AQE I N
WEEKS
Birth
1
2
3
4
5
6
7
8
9
10
11
12
13
I
SIX FEHALBS
SIX MALES
Average
Range
97.0- 119.5
97.0- 212.2
162.4- 295.8
266.5- 377.1
330.2- 475.4
387.2- 562.7
466.7- 522.6
520.5- 701.4
644.8- 760.0
715.3- 817.1
790.0-1032.0
897.3-1104.7
902.0-1216.0
1024.0-1361.0
103.92
144.21
230.22
323.68
402.42
467.02
540.30
622.30
683.80
762.53
891.35
1008.60
82.7- 107.4
82.7- 195.9
145.6- 282.3
259.0- 365.0
266.4- 486.7
346.0- 577.8
420.0- 624.5
514.7- 766.8
558.7- 820.4
589.0- 963.0
872.4-1159.0
789.0-1218.9
97.75
129.22
213.10
296.52
363.73
446.03
541.01
641.69
713.92
810.98
1005.58
997.90
1280.25
1440.33
grams. The average increase for the second twenty-fourhour period is 14.86 f o r the males and 12.68 grams f o r the
females. This average does not include the two negative
increments of 5.1 and 11.5 grams for a male and a female,
respectively. The average gain for the first week f o r the
males was 87.32 grams and for the females, 90.4 grams.
Two females were weighed eight hours after birth in addition to the weighings at twenty-four hours of age. One of
these gained 1.7 grams and the other, 7.2 grams, or gains of
1.75 per cent and 6.03 per cent, respectively. The first cat
gained 14.9 grams between the eighth and the twenty-fourth
4
H. B. LATIMER AND H. L. IBSEN
hours and the second cat gained but 7.3 grams in this same
period. Many more animals would be necessary t o establish
this lack of a postnatal decrease in the cat, but these few
weights are interesting because of the lack of this decrease
immediately after birth and because of the uniform growth
in the females for the first thirteen weeks.
The data in table 1 give the averages f o r each sex, but, in
studying the material, it was seen that there was a difference
in the average weights of the different litters, and so a table
was prepared giving the average weight at birth and for each
week for each litter. To save room, this table is not given,
but it shows that the lighter newborns are, in general, lighter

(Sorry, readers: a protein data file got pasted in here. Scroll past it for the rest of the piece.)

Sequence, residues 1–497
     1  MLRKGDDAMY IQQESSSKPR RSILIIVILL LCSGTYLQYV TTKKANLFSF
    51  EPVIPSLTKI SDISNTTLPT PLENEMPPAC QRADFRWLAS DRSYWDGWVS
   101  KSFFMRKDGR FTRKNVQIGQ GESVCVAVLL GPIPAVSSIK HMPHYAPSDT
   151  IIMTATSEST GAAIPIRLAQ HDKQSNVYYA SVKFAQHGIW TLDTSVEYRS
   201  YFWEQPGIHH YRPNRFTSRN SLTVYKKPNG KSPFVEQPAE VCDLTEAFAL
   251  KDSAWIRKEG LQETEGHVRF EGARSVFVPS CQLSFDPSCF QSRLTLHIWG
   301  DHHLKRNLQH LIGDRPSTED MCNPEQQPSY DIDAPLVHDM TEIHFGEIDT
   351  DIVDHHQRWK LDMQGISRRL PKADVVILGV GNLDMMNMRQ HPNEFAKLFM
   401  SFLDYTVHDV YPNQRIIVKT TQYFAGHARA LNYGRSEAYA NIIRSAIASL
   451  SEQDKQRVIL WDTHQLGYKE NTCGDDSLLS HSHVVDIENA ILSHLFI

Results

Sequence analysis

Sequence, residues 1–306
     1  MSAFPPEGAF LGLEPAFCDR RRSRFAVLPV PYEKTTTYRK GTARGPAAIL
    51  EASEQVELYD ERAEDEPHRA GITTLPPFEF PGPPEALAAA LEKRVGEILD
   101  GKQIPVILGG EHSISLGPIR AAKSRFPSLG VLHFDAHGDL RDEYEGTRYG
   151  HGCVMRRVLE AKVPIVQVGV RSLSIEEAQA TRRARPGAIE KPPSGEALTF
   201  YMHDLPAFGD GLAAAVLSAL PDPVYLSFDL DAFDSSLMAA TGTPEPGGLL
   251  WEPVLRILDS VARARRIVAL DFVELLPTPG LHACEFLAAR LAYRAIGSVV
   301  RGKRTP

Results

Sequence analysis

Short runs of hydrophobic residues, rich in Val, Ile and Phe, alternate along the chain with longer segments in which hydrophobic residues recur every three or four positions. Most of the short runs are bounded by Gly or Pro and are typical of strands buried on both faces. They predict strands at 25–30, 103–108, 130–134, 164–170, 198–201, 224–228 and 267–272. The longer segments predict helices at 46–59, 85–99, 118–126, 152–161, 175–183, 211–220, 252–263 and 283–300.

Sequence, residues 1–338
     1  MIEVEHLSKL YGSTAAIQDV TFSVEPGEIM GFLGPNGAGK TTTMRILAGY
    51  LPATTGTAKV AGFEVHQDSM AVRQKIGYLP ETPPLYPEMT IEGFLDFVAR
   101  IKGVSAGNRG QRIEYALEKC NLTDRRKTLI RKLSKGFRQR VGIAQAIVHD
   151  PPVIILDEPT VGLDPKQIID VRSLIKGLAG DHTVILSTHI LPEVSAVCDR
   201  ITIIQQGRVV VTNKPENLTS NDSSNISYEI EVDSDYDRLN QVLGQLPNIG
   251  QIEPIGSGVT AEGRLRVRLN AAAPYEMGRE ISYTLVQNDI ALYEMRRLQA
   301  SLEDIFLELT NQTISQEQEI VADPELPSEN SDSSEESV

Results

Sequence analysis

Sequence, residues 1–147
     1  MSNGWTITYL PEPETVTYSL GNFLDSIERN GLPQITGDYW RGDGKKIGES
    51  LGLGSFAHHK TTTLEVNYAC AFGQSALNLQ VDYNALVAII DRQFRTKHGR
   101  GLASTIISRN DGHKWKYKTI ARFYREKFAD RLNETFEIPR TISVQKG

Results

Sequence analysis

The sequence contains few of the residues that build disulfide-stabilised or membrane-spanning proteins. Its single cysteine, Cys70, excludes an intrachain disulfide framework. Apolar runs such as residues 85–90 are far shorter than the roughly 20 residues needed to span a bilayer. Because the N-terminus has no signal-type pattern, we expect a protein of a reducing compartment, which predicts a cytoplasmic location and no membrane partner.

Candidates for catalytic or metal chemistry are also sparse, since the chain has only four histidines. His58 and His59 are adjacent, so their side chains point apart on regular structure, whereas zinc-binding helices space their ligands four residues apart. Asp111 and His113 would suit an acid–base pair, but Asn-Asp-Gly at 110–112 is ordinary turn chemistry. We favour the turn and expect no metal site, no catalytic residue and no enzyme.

fcr the first thirteen weeks of postnatal life. Four of these
five litters with average birth weights ranging from 88 to
105 grams were sired by the same male and these four litters
contain the extreme variation in weight at birth and at the
thirteenth week. The mothers were all different. The adult
male weighed 3580 grams and the mother cats, shortly before
pregnancy, weighed from 200 to 1000 grams less. The litter
having the heaviest average weight at thirteen weeks was
from the heaviest female, which weighed 3370 grams at the
beginning of pregnancy.
It is interesting to note that at the thirteenth week the
curve for the male kittens has reached a little over 40 per
cent of the weight of the adult male. The female average is
320 grams less.
Kaufman ('30), comparing the postnatal growth of the
chick and the pigeon, finds that the chick loses weight at first,
while the pigeon increases rapidly in weight after hatching.
In so f a r as these meager data permit, we may conclude that
the cat, unlike man, has no period of postnatal decrease.
Both sexes grow at about the same rate until the eighth week,
after which the rate of growth of the males is greater.
POSTNATAL GROWTH IN BODY WEIGHT OF CAT
5
BIBLIOGRAPHY
HOESSLIN,HERM.Q. 1926 Wachstumsversuehe a n Katzen. Zeitschr. f . Biol.,
Bd. 85, S. 248-264.
UnterKAUBMAN,LAURA 1930 Innere und aussere Wachstumsfaktoren.
suehungen a n Hiihnern und Tauben.
Roux’ Archiv., Bd. 122,
S. 395-431.
LATIMER,
HOMERB. 1931 The prenatal growth of the cat. 11. The growth
of the dimensions of the head and trunk. Anat. Rec., vol. 50, pp. 311332.
LATIMER,
HOMERB., AND JOHN)I. AIKMAN 1931 The prenatal growth of the
cat. I. The growth in weight of the head, trunk, fore limbs, and
hind limbs. Anat. Rec., vol. 48, pp. 1-26.